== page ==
Two major data centre operators in Europe, CyrusOne and Aruba, announced that each had successfully audited an operational data centre as compliant with the terms of the Climate Neutral Data Centre Pact (CNDCP or ‘Pact’). The Pact sets stringent targets for environmental performance and sustainability goals in five key areas covering energy efficiency, use of green power, water use, recycling and reuse of waste heat. Collectively meeting these targets will ensure data centres are climate neutral by 2030.
CNDCP has developed a detailed Auditing Framework to test compliance with the Pact’s sustainability goals. This framework was shared with the European Commission at the end of 2022 and it is now available for any independent auditing firms to use with their customers. These first audits, conducted by Bureau Veritas, demonstrate the effectiveness of the Framework and of the Pact as an enforceable commitment to climate action.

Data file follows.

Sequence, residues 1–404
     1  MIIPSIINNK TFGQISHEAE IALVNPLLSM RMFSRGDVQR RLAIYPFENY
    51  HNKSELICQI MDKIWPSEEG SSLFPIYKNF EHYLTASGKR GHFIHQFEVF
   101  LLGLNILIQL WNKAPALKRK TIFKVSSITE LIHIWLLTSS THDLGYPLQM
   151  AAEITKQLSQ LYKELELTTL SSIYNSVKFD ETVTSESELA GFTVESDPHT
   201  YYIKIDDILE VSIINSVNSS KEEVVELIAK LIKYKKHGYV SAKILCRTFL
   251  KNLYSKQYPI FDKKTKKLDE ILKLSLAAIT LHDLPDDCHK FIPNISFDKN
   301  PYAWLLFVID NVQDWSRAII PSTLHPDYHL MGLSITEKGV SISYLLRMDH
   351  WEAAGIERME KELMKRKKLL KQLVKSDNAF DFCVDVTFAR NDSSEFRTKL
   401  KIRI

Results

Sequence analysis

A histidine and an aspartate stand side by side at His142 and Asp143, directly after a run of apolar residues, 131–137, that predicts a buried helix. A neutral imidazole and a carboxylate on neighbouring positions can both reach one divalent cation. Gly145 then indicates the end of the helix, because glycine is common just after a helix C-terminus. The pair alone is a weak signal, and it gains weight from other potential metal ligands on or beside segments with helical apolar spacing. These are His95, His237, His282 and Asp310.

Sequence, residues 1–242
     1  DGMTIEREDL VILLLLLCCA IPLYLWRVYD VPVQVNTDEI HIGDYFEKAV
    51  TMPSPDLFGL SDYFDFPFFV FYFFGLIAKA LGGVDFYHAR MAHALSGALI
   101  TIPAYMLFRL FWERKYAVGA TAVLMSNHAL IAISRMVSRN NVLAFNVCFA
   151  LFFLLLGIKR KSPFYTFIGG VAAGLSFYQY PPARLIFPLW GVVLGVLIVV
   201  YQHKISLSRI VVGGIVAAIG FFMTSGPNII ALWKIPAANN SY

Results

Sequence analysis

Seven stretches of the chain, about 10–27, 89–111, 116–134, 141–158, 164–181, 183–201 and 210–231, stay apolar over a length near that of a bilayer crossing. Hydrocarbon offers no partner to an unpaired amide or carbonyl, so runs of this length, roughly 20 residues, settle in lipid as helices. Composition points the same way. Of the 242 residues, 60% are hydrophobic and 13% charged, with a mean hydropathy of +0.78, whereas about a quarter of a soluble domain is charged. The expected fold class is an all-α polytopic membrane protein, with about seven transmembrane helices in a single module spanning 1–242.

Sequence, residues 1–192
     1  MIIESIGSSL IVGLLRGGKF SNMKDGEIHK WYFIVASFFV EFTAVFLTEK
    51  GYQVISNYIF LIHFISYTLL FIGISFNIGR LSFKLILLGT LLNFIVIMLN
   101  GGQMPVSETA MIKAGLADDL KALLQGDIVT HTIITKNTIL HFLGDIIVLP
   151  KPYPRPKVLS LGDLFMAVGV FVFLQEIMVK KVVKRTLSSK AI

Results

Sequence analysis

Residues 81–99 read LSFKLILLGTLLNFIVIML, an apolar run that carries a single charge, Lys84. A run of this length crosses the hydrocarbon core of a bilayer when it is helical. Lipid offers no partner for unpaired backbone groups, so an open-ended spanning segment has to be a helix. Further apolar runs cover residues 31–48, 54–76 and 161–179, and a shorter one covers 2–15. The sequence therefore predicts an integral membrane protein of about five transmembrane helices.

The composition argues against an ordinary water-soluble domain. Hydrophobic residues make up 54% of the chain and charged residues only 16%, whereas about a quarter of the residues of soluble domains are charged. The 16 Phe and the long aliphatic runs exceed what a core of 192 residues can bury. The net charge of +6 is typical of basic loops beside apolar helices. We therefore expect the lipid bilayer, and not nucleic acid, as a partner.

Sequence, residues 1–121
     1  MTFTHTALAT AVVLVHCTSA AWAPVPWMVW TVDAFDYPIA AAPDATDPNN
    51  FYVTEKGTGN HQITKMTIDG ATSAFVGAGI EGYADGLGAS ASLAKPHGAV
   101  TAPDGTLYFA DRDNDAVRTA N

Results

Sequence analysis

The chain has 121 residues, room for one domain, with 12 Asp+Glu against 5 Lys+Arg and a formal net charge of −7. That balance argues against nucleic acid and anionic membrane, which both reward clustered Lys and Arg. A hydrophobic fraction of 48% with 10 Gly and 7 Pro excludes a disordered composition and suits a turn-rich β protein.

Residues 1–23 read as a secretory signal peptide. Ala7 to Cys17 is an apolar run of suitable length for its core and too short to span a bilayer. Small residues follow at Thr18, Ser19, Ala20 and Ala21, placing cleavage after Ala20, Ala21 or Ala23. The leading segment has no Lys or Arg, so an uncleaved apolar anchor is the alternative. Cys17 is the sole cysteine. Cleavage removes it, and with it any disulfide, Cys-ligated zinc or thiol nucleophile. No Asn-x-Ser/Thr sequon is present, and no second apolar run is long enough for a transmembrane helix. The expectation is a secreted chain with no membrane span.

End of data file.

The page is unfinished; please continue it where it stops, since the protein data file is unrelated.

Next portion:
All data centre operators that are signatories to the Pact are required to audit their compliance to its goals using data from January 1 to December 31 following the first anniversary of their signing. The auditing process ensures that Pact signatories provide independent verification of compliance with their commitment to make data centres climate neutral by 2030.
Data centre operators that can demonstrate verifiable environmental credentials may find it easier to access significant low-cost green funding for their developments as part of schemes including the recent European Temporary Crisis and Transition Framework. Audited compliance with the Pact climate neutral targets could be a significant factor in enabling access to such green funding.
The Pact Auditing Framework can also be used to assist data centre operators as they seek to demonstrate alignment with a wider range of existing and planned regulations including the Energy Efficiency Directive and the EU Taxonomy Regulation 2020/852 for Owners and Operators of the Data Centre facilities.Click below to share this article